"This one goes to eleven..." Nigel Tufnel
Bill Hegbli
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Gosh, you give up fast! Thank you for the reference, this is not a "JAP" Box. It is not a Production Box either. The name that is associated with this prop is usually called a "Silk Cabby".

What it is is a Silk changing box. The description you referenced tells you what it does.

Here are a few ideas:
1. Put 2 or more silks in the box and they can come out tied together.
2. Put a red silk in the tube and it comes out say, Green.
3. Put 2 silks in the tube and vanish a third (using your favorite method) and they come out the all tied together with the vanished silk between them.
4. Put pieces of a cloth hanky in the box and it can come out restored whole again.
5. Put a red, white and blue silks in the box and it comes out as the American Flag or a line of flags of all nations.
6. Put several silks in the box and they can change to a long multi-colored streamer.

Magicians use this box instead of using a metal Dye Tube in a roll of paper.

Again going to Murphy's Magic site the 1st item is what you purchased, it seems it is now called by Mikame as the "Silk Cabinet Box". It seems you have purchased a Mikame item that was made before his natural wood finished products. I think this is better, as I personally do not like the natural wood grain look for stage. When you see natural wood grain props on stage they look flat and dull. That is my opinion of course.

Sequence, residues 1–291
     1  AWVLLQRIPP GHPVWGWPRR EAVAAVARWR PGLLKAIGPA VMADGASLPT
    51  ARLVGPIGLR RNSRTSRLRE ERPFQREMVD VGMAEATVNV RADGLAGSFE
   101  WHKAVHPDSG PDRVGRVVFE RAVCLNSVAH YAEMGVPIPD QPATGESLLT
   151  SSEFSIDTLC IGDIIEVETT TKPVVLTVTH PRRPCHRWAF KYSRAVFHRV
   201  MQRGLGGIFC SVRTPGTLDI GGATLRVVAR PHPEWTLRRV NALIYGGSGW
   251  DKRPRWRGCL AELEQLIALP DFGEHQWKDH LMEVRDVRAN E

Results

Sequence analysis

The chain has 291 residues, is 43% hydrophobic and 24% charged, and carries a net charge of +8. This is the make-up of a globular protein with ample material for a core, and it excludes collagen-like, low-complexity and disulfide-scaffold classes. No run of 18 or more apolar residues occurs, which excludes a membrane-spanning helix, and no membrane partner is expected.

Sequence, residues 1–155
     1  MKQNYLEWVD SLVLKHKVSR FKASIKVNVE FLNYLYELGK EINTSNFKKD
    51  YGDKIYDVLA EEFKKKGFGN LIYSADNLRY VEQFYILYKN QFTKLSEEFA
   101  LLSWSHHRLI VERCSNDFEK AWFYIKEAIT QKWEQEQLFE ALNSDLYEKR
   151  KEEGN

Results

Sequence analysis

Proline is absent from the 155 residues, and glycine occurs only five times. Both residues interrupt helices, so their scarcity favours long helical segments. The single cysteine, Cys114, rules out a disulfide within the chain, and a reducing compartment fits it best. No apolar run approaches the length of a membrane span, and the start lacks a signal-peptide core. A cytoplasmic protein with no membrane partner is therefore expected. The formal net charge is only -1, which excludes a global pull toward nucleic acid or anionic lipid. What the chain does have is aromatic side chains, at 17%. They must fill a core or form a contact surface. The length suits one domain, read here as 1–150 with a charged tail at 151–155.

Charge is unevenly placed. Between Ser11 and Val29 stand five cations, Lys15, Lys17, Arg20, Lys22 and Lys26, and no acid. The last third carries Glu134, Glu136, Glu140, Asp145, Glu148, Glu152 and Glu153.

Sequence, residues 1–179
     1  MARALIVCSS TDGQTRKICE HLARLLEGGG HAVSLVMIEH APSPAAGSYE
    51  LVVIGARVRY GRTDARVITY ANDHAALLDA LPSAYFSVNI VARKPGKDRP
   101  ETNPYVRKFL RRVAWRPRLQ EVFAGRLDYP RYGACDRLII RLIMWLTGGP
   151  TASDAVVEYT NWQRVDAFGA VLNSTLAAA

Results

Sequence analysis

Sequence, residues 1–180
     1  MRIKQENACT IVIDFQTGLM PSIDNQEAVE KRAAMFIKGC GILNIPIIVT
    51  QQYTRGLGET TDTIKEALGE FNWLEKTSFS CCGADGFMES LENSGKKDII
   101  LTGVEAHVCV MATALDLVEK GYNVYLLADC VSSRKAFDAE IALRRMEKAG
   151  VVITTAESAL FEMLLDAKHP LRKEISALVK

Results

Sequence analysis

If you go CLICK HERE you will see they have a demo video for the product.

If you are asking for information and instruction as to books and videos for the use of such a prop as this, to my knowledge there is none available. Although, I do not know of every specialized book and video on the market.

This is known in Magic as a utility prop. As such, it can be used for the things I have listed and any time you wish to do something with a silk scarf or scarves.

Have fun an be creative and enjoy your new prop.
Graduate of Chavez College of Prestidigitation and Showmanship

"Magic With A Twist Of Comedy"
flimnar